A married couple suspected of holding three women as slaves for more than 30 years are former Maoist activists Aravindan Balakrishnan and his wife Chanda, the BBC reports.
Some sources say Aravindan is an immigrant from the southern Indian state of Kerala. He arrived in Britain in the late 70s, a peak time for Maoist activities in Kerala and West Bengal.
According to national Marxist records they were leading figures at the Mao Zedong Memorial Center in Acre Lane, Brixton, south London, in the 1970s.
It was raided by police and five people, including the pair, were held.
Mr Balakrishnan, 73, and his 67-year-old wife were arrested on Thursday.
Three women were rescued from their home in Brixton a month earlier.
The couple have been linked to 13 addresses across London, the Metropolitan Police has confirmed. The force would not confirm or deny their names.
Police carried out house-to-house inquiries in and around Peckford Place, Brixton, where the women were rescued, over the weekend.
Officers said the women had suffered years of “physical and mental abuse.”
They lived together as a “collective” after two of the women met the man through a “shared political ideology.”
Home affairs correspondent Tom Symonds said several sources had suggested a fifth woman, who was elderly and used a wheelchair, had stayed at the house in Brixton, though it was unclear whether she was a permanent resident.
The Metropolitan Police would neither confirm nor deny the presence of another woman at the property during last week’s arrest.
Records of the Communist Party of England (Marxist-Leninist) show Mr Balakrishnan was suspended from the organization in 1974.
He set up a splinter group in the same year called The Workers’ Institute of Marxism-Leninism-Mao Zedong Thought.
It was based at Acre Lane, Brixton. The building was used as a bookshop and political commune.
Local shopkeeper Cliff McKinson said he visited the building on three occasions in the 1970s.
“They were just sort of gathering inside and outside; I was fascinated, I went there three times,” he said.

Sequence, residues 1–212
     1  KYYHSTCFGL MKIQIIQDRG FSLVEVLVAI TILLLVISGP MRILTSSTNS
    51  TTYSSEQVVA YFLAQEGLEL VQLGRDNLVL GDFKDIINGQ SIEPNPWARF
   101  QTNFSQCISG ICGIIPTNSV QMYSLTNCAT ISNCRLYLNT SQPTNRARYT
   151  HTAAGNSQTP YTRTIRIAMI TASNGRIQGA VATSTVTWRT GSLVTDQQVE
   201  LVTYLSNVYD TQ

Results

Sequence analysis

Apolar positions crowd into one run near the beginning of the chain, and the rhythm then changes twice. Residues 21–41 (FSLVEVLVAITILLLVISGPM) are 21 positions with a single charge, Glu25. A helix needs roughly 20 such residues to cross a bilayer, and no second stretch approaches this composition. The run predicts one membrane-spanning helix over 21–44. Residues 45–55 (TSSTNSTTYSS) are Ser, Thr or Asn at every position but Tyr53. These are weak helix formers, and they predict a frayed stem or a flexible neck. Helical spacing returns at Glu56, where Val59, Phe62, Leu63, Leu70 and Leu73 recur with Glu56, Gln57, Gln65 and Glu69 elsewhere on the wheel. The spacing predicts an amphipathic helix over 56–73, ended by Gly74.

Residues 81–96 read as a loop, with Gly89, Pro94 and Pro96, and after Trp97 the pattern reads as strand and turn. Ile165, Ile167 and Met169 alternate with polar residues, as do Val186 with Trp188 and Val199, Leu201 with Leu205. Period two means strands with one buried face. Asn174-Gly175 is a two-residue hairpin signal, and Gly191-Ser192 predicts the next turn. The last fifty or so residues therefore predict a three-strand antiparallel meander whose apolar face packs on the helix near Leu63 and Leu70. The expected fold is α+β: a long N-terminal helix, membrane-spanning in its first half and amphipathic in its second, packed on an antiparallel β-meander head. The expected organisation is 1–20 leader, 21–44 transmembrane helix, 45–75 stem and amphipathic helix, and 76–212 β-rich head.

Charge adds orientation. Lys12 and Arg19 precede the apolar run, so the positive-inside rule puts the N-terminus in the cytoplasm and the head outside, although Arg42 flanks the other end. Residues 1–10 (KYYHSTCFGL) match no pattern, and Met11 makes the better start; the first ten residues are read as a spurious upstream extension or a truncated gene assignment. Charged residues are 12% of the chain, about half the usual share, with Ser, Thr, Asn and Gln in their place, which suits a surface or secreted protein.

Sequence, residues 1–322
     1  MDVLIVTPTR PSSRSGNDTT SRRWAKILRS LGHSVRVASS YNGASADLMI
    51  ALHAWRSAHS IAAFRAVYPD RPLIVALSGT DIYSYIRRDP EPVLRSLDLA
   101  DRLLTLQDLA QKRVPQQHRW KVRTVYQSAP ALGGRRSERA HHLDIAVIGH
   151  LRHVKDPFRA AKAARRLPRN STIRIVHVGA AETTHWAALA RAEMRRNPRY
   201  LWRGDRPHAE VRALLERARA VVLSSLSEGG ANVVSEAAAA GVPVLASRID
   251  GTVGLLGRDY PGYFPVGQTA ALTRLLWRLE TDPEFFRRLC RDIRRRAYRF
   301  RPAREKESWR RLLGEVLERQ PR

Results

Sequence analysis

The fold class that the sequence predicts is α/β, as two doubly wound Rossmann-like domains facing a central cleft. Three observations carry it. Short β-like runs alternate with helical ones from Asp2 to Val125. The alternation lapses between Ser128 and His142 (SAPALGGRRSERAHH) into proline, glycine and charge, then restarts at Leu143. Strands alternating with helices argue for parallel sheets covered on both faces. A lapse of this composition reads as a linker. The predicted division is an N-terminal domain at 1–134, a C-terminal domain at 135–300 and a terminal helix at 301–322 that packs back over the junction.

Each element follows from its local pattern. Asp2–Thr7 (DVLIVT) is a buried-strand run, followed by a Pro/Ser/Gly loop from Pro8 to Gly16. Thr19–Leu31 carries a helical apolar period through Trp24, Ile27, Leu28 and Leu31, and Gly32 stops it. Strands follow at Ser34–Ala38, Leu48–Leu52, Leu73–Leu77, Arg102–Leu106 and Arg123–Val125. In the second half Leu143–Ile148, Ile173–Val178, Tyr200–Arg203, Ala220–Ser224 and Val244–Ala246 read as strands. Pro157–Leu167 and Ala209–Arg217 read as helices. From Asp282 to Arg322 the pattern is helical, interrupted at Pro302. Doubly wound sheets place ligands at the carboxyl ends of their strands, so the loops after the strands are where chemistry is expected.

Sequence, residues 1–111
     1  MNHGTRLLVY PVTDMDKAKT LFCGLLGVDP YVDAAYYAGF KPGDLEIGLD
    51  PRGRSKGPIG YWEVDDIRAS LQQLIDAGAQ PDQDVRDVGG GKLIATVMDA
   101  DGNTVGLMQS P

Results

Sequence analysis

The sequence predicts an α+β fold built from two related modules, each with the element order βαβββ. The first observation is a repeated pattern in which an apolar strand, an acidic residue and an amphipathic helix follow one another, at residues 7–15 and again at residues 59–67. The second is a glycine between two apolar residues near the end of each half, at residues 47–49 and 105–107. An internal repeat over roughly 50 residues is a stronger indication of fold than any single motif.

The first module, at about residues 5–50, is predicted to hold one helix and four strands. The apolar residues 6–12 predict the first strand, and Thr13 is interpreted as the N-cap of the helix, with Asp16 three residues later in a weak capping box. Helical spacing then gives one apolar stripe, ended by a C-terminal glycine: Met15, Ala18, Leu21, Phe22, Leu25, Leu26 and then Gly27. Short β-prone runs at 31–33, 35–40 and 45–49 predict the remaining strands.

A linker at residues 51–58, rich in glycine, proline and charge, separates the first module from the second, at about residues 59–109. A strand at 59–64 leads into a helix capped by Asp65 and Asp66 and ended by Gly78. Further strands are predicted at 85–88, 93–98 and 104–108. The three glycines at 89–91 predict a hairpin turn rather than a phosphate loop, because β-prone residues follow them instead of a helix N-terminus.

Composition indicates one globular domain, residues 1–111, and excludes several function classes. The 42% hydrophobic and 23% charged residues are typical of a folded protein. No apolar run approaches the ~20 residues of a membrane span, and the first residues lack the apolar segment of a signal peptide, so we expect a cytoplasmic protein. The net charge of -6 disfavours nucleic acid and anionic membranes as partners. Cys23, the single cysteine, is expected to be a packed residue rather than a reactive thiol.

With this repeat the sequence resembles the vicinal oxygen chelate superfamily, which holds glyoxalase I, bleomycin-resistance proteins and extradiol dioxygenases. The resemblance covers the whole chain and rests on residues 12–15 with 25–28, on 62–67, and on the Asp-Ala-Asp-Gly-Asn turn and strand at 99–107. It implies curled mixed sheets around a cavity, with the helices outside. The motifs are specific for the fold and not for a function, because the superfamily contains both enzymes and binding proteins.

“There were women who would come and go freely, especially in the evenings. I was at work when the police came and raided it.”
Professor Dennis Tourish, from the Royal Holloway University of London, said followers of Marxism often committed their lives to their beliefs.
“They develop a number of organizational rituals of which communal living is one,” he said.
“The people they are working with and recruiting commit all their resources, including their time and money, and in a sense their souls to supporting the aims and objectives of the group.”
Criminal psychologist Dr David Holmes said the details appeared to suggest a “kind of political cult” or “enforced commune” was in effect holding the captives “almost in a psychological cage.”
The three alleged victims, a 30-year-old Briton, a 57-year-old Irish woman and a 69-year-old Malaysian, are in the care of a non-governmental organization following their rescue last month.
Police said the 30-year-old woman, who is believed to have lived her entire life in servitude, had a birth certificate but no other official papers.
She is said to have written more than 200 impassioned letters and poems to her neighbor over an eight-year period, the Daily Mail reported.
In one of the letters, she said she felt like a “fly trapped in a spider’s web” and described her “unspeakable torment.”
The case came to light after the Irish woman rang Freedom Charity to say she had been held against her will.
The couple were arrested on Thursday on suspicion of being involved in forced labor and slavery. They were also arrested for immigration offenses. Both of them have been released on bail until January.
Police said they were of Indian and Tanzanian origin and came to the UK in the 1960s.
Thirty-seven officers from the Met’s human trafficking unit are working on the case. Lambeth Council said it had been working closely with the police in the weeks before the women’s rescue.
A spokesperson said: “This is an extremely complex case involving a number of individuals going back decades.
“It is too early at this stage to provide the detail of any contact we may have had with them.”
The council said the security, confidentiality and well-being of those involved were paramount.